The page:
Understanding Python’s sort() Method: A Comprehensive Guide

In this tutorial, we will delve into the Python’s built-in sort() method. This powerful function allows you to organize your data in a way that makes it easier to understand and analyze.

What is the sort() method?

The sort() method in Python is used to sort elements of a list in either ascending order (default) or descending order. The syntax for using this function is as follows:

list.sort(key=..., reverse=...)

This method modifies the list it is called on.

Parameters of sort()

  1. key: This parameter serves as a basis for sort comparison. It requires a function to be sent as its argument.
  2. reverse: If set true, then the list elements are sorted in descending order.

A Basic Example of Using sort()

numbers = [4, 2, 9, 7]

The output will be: [2, 4, 7, 9]

Tutorial: Sorting with Custom Function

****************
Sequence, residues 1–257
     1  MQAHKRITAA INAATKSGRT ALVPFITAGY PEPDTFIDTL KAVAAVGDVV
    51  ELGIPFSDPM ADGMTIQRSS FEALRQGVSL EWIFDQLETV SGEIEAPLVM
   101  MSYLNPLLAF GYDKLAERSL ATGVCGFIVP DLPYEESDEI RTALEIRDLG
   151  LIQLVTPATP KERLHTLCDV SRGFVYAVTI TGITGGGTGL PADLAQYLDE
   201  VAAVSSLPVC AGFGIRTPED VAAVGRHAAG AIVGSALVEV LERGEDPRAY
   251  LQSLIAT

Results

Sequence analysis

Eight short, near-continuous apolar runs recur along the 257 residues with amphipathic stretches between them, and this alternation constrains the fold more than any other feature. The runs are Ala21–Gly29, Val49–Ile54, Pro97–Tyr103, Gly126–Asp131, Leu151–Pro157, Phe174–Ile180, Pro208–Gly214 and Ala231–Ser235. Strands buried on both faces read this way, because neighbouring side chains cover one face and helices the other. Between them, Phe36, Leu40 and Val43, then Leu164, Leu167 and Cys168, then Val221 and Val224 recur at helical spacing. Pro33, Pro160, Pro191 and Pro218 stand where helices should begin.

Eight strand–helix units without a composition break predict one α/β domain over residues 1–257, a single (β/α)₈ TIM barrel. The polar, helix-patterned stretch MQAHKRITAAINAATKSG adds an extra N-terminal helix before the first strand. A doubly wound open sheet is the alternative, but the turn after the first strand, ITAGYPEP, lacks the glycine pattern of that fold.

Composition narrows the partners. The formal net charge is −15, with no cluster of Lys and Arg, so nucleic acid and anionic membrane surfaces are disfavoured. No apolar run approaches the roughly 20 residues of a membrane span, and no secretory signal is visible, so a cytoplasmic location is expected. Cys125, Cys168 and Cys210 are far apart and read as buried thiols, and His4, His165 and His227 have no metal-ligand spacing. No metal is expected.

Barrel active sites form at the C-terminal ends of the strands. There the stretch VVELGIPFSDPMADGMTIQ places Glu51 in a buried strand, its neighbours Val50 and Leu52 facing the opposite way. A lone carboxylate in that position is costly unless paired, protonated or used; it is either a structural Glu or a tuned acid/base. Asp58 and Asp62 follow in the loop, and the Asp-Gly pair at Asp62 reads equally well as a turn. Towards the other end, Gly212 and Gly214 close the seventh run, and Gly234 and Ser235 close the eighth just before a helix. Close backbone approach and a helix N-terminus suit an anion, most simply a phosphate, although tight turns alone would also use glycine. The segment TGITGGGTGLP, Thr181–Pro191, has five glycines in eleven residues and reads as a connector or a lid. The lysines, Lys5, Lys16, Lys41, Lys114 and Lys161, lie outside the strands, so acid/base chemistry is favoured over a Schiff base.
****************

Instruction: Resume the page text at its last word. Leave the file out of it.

You can also use custom functions as the key parameter. Let’s say we have a list of tuples where each tuple contains name and age. We want to sort this list by age. Here’s how you can do it:

def get_age(person):
    return person[1]

people = [("John", 20), ("Jane", 30), ("Dave", 25)]

The output will be: [(‘John’, 20), (‘Dave’, 25), (‘Jane’, 30)]

Sorting in Descending Order

To sort the list in descending order, you can set the reverse parameter to True. Here’s an example:

numbers = [4, 2, 9, 7]

The output will be: [9, 7, 4, 2]


In this tutorial, we’ve learned how to use Python’s sort() method to sort lists in ascending and descending order. We also explored how to use custom functions as the key parameter for more complex sorting tasks.

This is just scratching the surface of what you can do with Python’s built-in methods. Keep exploring!

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